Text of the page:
HomeApril 2021Enhanced Collaboration between State and pharmaceutical industry should be carried into the...

Enhanced Collaboration between State and pharmaceutical industry should be carried into the future

She had no doubt all stakeholders would agree that the enhanced cooperation and collaboration between the pharmaceutical industry and the HSE and Department of Health during the pandemic should be carried into the future, Ms. Eimear Caslin, General Manager for GSK Ireland, a long time sponsor of the HMI, told the Conference.

Eimear Caslin
Eimear Caslin, General Manager for GSK Ireland

This was the future when all three would be working together to negotiate a new Framework Agreement on the Supply of Medicines, between the State and the pharmaceutical industry in the coming months and also working to implement Sláintecare and deal with the fall-out from the pandemic in the years to come.

“Across the health service, we’ve seen new levels of cooperation and communication between the HSE, the Department of Health and the pharmaceutical industry throughout the pandemic. At GSK, we were in regular contact with the HSE and the Department from the beginning of the crisis, to ensure supply levels of essential medicines were maintained – as were our peers across the pharmaceutical industry.”

She believed the pharmaceutical industry, scientists, academics and regulators globally working together as partners in healthcare for a better future would find solutions to the challenges we faced.

 Ms. Caslin said she would like to congratulate Tony Canavan on his election as the new HMI President and wish farewell to Lorcan Birthistle the HMI’s outgoing president.

She was delighted to share her reflections particularly on the subject of resilience.

“I’m sure we can all recall exactly where we were in March last year when we entered lockdown for the first time. Like many businesses, at GSK we had been preparing for several weeks to move to remote working and we’d been reviewing our business continuity plans to ensure there would be no disruption to the supply of our medicines into Ireland.

“But not for one moment did we anticipate that more than a year later, we’d still be working from home, physically disconnected from our colleagues. It has been an incredibly challenging 13 months for everyone, particularly for those working on the frontline in the health service.

“Despite all the challenges we have faced, it has also been a year where I’ve been continually struck by people’s resilience and adaptability.

“I’ve witnessed this first-hand in my team at GSK. They’ve worked with greater agility to find new ways to conduct our business activities. They’ve found new ways to connect with each other and demonstrated greater empathy towards one other, recognising that everyone’s personal circumstances have been affected by the pandemic. And collaboration both internally and externally has been, in many ways, enhanced.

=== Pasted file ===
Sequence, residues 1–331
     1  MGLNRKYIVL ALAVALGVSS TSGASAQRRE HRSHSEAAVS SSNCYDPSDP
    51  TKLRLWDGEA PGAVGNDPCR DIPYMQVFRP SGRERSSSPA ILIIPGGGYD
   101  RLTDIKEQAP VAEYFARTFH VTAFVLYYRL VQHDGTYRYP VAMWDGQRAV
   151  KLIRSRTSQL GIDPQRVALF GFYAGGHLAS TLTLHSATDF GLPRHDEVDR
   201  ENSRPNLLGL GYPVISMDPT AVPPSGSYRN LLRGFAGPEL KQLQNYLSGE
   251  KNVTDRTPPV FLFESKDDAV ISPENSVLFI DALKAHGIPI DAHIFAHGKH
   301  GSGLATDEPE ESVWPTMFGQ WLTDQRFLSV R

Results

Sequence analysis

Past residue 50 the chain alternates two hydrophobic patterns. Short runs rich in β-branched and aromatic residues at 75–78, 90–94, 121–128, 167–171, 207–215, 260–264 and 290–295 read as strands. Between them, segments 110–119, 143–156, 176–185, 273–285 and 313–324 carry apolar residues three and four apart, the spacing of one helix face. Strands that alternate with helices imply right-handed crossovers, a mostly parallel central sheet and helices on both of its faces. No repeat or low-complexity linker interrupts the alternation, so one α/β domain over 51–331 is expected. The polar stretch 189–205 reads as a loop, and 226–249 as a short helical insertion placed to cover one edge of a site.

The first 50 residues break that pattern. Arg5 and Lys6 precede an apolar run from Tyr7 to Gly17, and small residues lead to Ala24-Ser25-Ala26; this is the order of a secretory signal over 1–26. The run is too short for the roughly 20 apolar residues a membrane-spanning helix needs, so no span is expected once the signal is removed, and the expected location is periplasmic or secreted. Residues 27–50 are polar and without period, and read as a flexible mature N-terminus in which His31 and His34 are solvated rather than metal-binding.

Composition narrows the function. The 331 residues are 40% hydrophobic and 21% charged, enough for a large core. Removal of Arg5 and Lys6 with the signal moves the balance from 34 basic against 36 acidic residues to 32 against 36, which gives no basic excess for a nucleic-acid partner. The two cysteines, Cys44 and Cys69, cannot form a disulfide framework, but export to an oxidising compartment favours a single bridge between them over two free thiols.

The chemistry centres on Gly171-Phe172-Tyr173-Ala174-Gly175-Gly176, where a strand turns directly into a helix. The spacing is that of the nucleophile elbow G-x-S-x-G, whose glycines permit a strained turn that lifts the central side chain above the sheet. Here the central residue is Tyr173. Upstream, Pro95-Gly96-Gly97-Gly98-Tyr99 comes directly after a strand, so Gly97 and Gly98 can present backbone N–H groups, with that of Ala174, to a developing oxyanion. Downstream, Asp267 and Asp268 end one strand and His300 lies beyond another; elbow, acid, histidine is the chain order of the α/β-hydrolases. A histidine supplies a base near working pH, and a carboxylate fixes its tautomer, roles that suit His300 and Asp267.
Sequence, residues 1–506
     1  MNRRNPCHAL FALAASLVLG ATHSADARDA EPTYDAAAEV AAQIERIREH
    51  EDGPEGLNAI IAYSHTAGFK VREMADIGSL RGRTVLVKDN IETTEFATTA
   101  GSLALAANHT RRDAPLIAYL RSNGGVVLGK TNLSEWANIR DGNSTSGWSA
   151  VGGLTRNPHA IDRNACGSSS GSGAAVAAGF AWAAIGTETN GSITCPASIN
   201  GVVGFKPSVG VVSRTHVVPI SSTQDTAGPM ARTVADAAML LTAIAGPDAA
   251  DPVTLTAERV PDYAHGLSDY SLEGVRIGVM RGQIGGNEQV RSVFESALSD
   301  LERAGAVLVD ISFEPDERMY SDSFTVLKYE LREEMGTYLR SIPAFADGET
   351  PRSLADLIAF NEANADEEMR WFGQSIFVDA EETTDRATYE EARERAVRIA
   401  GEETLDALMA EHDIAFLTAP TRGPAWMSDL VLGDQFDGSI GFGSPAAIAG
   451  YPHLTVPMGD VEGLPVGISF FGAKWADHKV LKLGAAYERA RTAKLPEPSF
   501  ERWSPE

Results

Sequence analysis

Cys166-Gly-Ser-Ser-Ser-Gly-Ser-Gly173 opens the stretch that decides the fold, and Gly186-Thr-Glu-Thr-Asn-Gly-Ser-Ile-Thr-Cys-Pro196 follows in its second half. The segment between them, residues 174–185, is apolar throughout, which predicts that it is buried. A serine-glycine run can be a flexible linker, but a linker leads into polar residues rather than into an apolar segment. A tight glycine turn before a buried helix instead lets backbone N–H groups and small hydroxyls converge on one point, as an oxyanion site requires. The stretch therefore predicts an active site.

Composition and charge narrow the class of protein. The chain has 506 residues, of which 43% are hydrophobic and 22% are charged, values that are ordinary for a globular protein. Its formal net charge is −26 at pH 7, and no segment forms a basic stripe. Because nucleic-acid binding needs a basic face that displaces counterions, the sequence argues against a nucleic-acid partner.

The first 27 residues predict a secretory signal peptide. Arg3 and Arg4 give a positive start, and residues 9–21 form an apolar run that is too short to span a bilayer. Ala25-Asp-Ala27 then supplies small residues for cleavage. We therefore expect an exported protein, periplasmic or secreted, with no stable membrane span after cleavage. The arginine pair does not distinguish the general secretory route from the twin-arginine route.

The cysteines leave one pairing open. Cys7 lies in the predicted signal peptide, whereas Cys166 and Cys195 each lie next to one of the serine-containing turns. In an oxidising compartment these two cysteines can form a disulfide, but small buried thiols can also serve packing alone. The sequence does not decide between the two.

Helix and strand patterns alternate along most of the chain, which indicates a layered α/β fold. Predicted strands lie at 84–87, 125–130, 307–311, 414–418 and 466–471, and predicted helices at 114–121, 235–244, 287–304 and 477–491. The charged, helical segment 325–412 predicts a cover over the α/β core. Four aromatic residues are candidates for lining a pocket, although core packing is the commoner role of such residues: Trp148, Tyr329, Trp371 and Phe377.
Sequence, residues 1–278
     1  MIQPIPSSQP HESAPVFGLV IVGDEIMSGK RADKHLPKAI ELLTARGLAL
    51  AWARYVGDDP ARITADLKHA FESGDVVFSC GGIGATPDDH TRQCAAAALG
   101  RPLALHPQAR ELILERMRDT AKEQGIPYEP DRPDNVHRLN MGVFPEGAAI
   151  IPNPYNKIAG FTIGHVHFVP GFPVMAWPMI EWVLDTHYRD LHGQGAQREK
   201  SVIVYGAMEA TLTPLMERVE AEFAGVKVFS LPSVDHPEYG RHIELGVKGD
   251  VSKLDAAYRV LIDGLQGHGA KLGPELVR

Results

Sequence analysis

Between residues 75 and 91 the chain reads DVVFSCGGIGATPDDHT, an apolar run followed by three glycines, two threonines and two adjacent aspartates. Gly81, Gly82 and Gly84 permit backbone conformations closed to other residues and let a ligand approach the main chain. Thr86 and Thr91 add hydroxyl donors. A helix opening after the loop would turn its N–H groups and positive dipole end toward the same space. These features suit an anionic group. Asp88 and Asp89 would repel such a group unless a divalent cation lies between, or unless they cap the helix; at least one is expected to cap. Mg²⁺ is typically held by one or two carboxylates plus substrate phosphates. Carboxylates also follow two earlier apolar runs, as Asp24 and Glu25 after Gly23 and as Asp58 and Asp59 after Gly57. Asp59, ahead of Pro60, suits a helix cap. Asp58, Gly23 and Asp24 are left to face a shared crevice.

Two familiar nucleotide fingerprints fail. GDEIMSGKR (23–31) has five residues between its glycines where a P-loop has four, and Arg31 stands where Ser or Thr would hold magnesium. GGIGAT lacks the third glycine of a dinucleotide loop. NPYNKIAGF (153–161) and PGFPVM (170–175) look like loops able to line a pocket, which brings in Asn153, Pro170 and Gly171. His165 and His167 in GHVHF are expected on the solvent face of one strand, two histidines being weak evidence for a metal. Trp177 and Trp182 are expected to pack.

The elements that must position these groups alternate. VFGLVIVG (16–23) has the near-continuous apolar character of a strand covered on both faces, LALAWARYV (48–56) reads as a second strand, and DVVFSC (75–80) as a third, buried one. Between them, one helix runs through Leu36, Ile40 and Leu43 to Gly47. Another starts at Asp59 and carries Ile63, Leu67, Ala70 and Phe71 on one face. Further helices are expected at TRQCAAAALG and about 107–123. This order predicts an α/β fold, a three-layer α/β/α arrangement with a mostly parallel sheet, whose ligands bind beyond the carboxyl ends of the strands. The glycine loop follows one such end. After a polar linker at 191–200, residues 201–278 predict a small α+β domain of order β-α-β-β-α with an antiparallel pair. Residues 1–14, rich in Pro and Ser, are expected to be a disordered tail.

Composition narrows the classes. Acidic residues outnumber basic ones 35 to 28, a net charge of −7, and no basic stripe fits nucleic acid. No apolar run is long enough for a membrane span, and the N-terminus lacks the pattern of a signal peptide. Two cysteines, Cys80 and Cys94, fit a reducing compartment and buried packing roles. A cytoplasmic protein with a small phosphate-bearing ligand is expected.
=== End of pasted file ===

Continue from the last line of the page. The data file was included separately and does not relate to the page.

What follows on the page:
“At GSK we’ve always been committed to providing an environment that allows our people to thrive, but that became even more critical over the last 12-months. From the outset, we knew that keeping people feeling connected would be important for their wellbeing, and to ensure they felt motivated and focused on their performance priorities.

“We have a motto that everyone should feel able to be themselves at work, feel good and keep growing. And we know that when each of us feels our best, we perform at our best – but let’s be honest, it has probably never been more difficult to feel our best than it has been during the past year.”

Ms Caslin said that to address this, they did small things like making their monthly town hall fortnightly. They set up a series of virtual coffees for informal catchups and set up a group on their internal social channel focused solely on wellbeing where people could share images of activities that were bringing them joy.

“We’ve continued to mark occasions like Halloween, Christmas and Easter – while going easy on the virtual quizzes!

“We’ve also encouraged employees to prioritise their physical and mental health and wellbeing, providing a range of programmes to help our people take control of their health. We’ve also encouraged everyone to use their annual leave to rest and recharge, even if that is at home.

“Most importantly, we’ve operated on the basis of trust and flexibility, empowering people to get their job done, while balancing their personal responsibilities. We’ve recognised that many people want more flexibility about how and where they work and, at GSK, this will be formalised in a post-pandemic world when our office-based employees will have Performance with Choice, an initiative whereby individuals will be able to choose how many days a week they work from home and how many days they spend in the office.

“I’m hopeful that these lessons of the pandemic, in terms of how and where we work, will be retained into the future, giving people a better work-life balance than they had before.

“I’d like to end by saying that our colleagues on the front lines of the health service must be acknowledged for the enormous professional challenges they’ve faced over the last year and for adapting under huge pressure to innovative and new ways of working to ensure patients continue to get the care they need.

Thanks again to the HMI for hosting this event. I look forward to the rest of the morning’s sessions and I hope that in the not too distant future, we will be able to attend this event in person once again.